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5 & 6 BAILEY COURT
COLBURN BUSINESS PARK
Estate Agency Offices are located in
BARNARD CASTLE, BOROUGHBRIDGE & RICHMOND
Residential Management Team
The law governing the use of motors vehicles comes under the Road Traffic Act 1988.
Under this act Section 185 defines a motor vehicle as “any mechanically propelled vehicle intended or adapted for use on roads”.
For quad bikes used purely off road then the Road Traffic Act 1988 and below requirements do not apply. Although, voluntarily registering quad bikes with the DVLA’s “off road register” will aid police when locating the quad bike if it is stolen.
Use on Public Roads
For a motor vehicle to be used on a public road it must be licensed and registered. It is an offence to drive a motor vehicle on a road without them. This applies to quad bikes.
Agricultural Vehicle Status – An agricultural quad bike used on the road does require to be registered for tax, although this comes with a nil rate to pay, it must also be registered as a light agricultural vehicle, displaying number plates and only operated in daylight hours for short distances on the road.
This Agricultural Status does not cover the operating of quad bikes for gamekeepers and their day/night operations. Therefore, the motor vehicle requirements apply.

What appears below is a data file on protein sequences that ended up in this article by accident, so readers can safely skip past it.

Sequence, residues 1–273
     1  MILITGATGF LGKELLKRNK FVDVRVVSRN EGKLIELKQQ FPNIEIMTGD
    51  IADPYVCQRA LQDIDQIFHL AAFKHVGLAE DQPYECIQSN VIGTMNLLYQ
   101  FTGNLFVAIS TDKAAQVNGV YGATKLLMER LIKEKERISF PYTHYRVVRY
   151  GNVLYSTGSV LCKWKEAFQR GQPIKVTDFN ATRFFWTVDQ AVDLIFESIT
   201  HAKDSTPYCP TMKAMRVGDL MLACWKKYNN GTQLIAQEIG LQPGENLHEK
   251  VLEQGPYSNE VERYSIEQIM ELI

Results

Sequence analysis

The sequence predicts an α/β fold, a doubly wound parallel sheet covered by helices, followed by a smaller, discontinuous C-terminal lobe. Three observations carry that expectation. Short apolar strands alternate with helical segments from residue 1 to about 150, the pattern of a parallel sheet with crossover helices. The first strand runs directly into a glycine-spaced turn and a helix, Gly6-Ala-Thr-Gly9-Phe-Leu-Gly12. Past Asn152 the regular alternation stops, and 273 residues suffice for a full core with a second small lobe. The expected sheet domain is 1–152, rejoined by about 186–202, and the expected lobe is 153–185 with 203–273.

Dealerships on the sale of a quad bike usually provide the option of the following ‘kits’ to be fitted to the quad bike;
A quad bike capable of travelling in excess of 20mph also requires a horn and speedometer. If traveling in excess of 25mph a fog light is also required to be fitted to the vehicle.
Quad bikes used on the road which are 3 years and older require a MOT certificate. However, this is not the case for quad bikes with the ’Agricultural Vehicle Status’.
A quad bike which is not road legal from manufacture can be modified to meet the above required specification. Once completed, an application to the DVLA is required to have the quad bike certified as road legal by what is known as “type approval”.
Licence to Drive
Any person without a valid driving licence must not use any motor vehicle on the road, or they open themselves up to prosecution. This can include the liability of the Estate or any member of staff who authorises the use of the quad bikes on a road.
Section 143 of the Road Traffic Act 1988 imposes this liability to anyone who “cause or permits” an offence. This means the estate staff could be open to the same criminal penalties as the person who is seen as the principal offender and could result in the member of staff receiving 6 penalty points and/or disqualification. A company cannot hold a licence, so it cannot hold a “standard” driving licence for points or disqualification to be imposed.
All vehicles used on a road must have third party insurance and it is an offence to drive a vehicle without correct insurance.
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